Behold the Lorax of yesterday: Mustachioed moralist. Enraged environmentalist. Seussian symbol in the '70s screed against greed.
Behold the Lorax of today. He's still all that. But now his orange image is on a Seventh Generation diaper box. His name is on an IHOP breakfast item. That's him in an ad for a Mazda SUV. The gas-powered vehicle even gets a certified seal of approval from the Truffula trees, the ones the Lorax says he speaks for.
As "Dr. Seuss's 'The Lorax' surpasses the $100 million mark in its third week since the March 2 film release, the furious furball is promoting a raft of products — and some criticism.
"Outrageous perversion of one of the great books of all time," writes a North Carolina man on a pledge website for the nonprofit Campaign for a Commercial-Free Childhood, a Boston-based coalition of educators, health care professionals, parents and others that aims to reduce child exposure to corporate marketing. This group is calling for a boycott of Lorax-promoted products.
"Save the Lorax, shun the stuff," echoes a Seattle-based national website for parents with more than a million members, momsrising.org.
And cable TV satirist Stephen Colbert couldn't resist the irony, breaking into rhyme on a recent segment:
"This cashtaculous sellout is not quite enough; I'm demanding more branding of Loraxian stuff."
Makers of children's literature and films have long recognized the marketing potential for their creations — think Disney. The term 'toyetic' refers to the merchandising potential of children's books, TV shows and movies. In promoting "The Lorax" through more than 70 corporate partners, Universal Studios is continuing the tradition of toy tie-ins and other merchandising.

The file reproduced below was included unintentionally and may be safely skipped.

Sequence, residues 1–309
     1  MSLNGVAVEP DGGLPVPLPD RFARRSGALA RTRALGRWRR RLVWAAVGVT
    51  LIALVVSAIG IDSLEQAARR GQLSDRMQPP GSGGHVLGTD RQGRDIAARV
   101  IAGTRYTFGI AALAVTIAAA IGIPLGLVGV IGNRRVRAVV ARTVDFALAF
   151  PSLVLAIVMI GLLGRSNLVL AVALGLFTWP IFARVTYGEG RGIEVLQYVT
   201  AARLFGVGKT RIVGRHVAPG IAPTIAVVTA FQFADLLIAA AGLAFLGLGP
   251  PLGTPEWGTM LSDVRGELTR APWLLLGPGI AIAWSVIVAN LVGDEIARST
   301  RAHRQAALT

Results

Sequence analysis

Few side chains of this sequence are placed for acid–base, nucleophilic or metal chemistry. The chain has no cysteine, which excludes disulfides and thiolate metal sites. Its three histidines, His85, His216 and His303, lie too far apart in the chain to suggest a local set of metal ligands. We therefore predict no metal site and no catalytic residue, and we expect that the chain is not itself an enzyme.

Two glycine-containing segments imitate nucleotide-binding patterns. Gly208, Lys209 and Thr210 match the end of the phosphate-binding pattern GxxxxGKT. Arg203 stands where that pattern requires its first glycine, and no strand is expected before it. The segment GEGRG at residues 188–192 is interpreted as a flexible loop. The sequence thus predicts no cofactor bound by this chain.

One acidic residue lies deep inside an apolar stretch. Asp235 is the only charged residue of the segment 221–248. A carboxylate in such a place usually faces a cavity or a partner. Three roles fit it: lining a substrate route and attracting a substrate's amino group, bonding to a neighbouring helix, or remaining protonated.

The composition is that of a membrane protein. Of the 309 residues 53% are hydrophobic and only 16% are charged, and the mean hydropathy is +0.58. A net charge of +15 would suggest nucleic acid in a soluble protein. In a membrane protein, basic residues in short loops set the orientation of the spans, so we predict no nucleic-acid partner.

But since the Lorax was an anti-consumer purist in the book, this 'toyetic' is ironic.
And if anyone knows irony, it's an English lit doctoral candidate like Omahan Andrea Comiskey Lawse.
Lawse has used "The Lorax" in her composition classes and said she found the Mazda ad "perverse" because it features the literary hero hawking a polluting gasoline-run vehicle.
Other parents have said they can live with the marketing tie-ins because in their view, Lorax is spreading an environmental message. IHOP, for instance, gives out tree seeds. And others, of course, aren't even thinking about the tie-ins.
The company's spokespeople have said that they worked hard to find partners with a green message.
To some of the book's faithful fans, the most troubling tie-in is the 45-second Mazda television spot.
In the ad, a blue CX-5, the carmaker's crossover vehicle, rolls through a land of colorful Truffula trees and smiling animals. The spot ends with a voice reminding viewers to "Do see Dr. Seuss's 'The Lorax'" in theaters this March."
Mazda has noted that the vehicle gets 35 miles per gallon, considered to be good gas mileage even in smaller cars.
"That's the kind of car we think the Lorax would like to drive," a Mazda rep said to some Virginia schoolchildren in a Washington Post story about a promotion urging children to read books and visit Mazda dealerships. For every Mazda their parents test-drove, the carmaker pledged to chip in $25 to their school library.